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The Great “Gotcha” Day Debate

Who thought a little phrase like “Gotcha Day” could be so controversial? Karen Moline‘s essay against this common bit of adoption speak touched a nerve-dozens of readers wrote in to express their own opinions for and against “Gotcha Day.”

Want to see what the fuss is all about? You can check out the original article here

“Gotcha” is great!

  • “Gotcha” is a very enduring term in our house. “We gotcha” is a phrase that acknowledges when another way of life began. Simply saying “Adoption Day” does not differentiate between our children’s placement and finalization dates, so “Gotcha Day” is a less confusing name for us. Words in our language can hold several shades of meaning, and our household can appreciate the difference between a phrase like, “I gotcha, mosquitoes!” and, “We gotcha on this day five years ago, and what a very special day this is!” –Amy Ames

  • Let’s take the word “gotcha” for what it is: an attempt to make the phrase “Adoption Day” warmer and friendlier. It means telling our newly adopted children, “I’ve got you in my arms now and I will never let you go. I will keep you from harm and love you forever.” For my family, “gotcha” is a word expressing protection, joy, and most of all, love. –Janie Crouch, Ph.D.


  • As long as the term “gotcha” is used with love and affection within the family, I don’t have a problem with it. My daughter loves her gotcha day! We don”t just refer to it as the day we “got” her, but as the day she “got” us as well. Families can be informal and even silly sometimes, so why not use an informal, silly word to celebrate? –Kelly Feichtinger

  • My husband and I adopted our three-day-old son in May of 2003. For the past two years, we’ve celebrated our “Gotcha Day” three days after his birthday. I don’t have any qualms with the word “gotcha.” When my toddler takes a spill on the sidewalk, I scoop him up in my arms and say, “I gotcha!” The same goes for when he needs to be comforted after a nightmare or while riding his tricycle: “Don’t worry, I gotcha.” For us, “gotcha” is a reassuring word that we equate with a permanent, safe place. –Andrea Pike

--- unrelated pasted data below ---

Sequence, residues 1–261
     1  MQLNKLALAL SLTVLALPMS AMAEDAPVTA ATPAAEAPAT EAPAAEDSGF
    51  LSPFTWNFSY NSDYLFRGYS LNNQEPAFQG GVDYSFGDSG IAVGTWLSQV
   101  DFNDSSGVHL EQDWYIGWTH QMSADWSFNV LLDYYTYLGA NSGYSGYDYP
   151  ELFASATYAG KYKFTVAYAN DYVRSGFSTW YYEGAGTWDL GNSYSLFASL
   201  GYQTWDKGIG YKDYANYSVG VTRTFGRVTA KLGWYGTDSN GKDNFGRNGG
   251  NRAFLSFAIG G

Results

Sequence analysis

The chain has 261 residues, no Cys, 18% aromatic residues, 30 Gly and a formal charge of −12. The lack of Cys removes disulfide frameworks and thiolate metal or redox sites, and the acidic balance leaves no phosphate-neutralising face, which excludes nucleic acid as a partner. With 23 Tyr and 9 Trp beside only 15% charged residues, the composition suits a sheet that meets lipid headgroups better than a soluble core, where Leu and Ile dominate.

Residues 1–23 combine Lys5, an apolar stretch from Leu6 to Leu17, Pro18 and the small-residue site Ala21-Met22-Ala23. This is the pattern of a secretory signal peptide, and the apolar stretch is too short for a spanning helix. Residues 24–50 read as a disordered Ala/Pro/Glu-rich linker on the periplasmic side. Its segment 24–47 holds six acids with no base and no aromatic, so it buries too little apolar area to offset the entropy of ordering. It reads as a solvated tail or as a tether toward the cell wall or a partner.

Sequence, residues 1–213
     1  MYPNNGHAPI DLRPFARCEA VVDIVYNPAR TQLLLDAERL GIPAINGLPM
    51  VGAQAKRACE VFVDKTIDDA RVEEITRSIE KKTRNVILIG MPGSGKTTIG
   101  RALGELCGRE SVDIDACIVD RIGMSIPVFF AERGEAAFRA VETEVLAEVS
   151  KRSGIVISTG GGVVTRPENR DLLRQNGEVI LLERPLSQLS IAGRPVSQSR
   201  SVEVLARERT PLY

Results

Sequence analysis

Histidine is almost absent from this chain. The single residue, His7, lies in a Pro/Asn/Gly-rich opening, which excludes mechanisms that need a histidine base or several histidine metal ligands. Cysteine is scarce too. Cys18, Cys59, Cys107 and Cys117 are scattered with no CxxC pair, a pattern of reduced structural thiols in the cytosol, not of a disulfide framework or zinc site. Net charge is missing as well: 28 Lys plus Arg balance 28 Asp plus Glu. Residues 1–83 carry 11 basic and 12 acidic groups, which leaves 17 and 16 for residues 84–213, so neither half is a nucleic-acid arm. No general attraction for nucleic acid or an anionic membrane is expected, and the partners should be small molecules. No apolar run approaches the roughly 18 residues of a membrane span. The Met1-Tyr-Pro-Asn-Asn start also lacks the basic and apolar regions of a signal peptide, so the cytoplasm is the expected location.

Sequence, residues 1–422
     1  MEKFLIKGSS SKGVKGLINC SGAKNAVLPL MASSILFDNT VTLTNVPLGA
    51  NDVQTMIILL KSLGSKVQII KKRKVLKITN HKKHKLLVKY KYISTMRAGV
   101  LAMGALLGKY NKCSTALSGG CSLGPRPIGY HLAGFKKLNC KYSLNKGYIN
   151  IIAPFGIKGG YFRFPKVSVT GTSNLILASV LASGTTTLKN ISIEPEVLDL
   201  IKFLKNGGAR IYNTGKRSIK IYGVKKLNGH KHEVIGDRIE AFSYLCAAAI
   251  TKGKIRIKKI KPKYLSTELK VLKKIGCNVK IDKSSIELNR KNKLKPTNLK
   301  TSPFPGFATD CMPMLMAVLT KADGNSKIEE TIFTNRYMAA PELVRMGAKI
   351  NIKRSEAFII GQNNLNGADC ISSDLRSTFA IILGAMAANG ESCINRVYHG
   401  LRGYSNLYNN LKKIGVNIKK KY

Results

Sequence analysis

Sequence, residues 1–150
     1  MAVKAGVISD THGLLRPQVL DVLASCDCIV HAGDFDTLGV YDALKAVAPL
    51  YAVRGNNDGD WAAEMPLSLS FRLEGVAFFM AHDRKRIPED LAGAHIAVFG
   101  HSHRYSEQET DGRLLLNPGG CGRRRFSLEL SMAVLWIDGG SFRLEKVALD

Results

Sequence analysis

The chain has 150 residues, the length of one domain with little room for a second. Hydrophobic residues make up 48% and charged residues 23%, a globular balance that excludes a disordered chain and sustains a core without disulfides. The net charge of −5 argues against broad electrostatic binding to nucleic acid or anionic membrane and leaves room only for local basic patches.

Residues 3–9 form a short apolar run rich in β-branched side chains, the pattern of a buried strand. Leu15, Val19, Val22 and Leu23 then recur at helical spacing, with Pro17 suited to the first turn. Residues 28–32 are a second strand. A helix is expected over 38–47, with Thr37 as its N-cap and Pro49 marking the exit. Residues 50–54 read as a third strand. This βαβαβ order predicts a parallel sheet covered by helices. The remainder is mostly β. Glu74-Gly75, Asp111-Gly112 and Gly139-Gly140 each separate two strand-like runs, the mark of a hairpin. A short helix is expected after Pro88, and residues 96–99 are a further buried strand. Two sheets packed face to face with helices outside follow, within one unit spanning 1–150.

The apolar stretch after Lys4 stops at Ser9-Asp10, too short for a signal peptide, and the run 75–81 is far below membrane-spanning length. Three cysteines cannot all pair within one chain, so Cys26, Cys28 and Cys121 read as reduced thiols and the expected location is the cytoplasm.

• While there are more illustrative names than “Gotcha Day ” to mark the moment that adoptive families are joined, the article’s tone was acerbic to well-intentioned parents like me whose connotation of the phrase has nothing to do with “acquiring a possession” or with swatting mosquitoes. Whatever name we choose to employ for this most unforgettable of days, it means little in the grand scheme of things as long as we love our children. Instead of worrying about what to call the day we adopted our twin daughters, I’d rather spend my time playing with them. Now that they have learned to talk, it’s a joy to hear them say “I gotcha!” to me. Nothing has ever sounded sweeter. –Laura Bird

  • With so many other adoption language issues to address, I don’t understand the writer’s determination to exclude this phrase from our adoption vernacular. It seems to me that there are many more offensive terms regarding adoption than the use of “Gotcha Day.” For instance, the word adoption itself is often used as a marketing gimmick, i.e., adopting highways, adopting whales, rather than the legal permanent process that it is. Also, the media almost always distinguishes an adopted child from a biological one when reporting on celebrities and other newsworthy people. These are the real issues—the terminology that distinguishes a biological child from an adoptive one—and thus insinuating that an adoptive family is not as permanent or genuine. –Nancy A. Herman

Bye, Bye“Gotcha”!

  • I am so glad that someone has finally stood up and expressed disgust at the poor taste (and grammar) associated with the use of “Gotcha Day.” This is a crude, ill–mannered expression, and it has been a pet peeve of mine for a long time. I’m all for never hearing this offensive phrase uttered again! —Dawn Digiorgio

  • I was so happy to read “Get Rid of ‘Gotcha’.” I feel that this term should have been in AF’s “Thumbs Down” column a long time ago! I didn’t like the term when I first heard it, and once my husband and I became lucky enough to adopt, we swore we would never use ”gotcha“ in regards to our daughter! One year later, we threw a huge picnic and sent out invitations that read, “Please join us in celebrating the one-year anniversary of our daughter becoming a part of our family forever!” Simple enough, but it fully expresses our never-ending love for our daughter! –Mary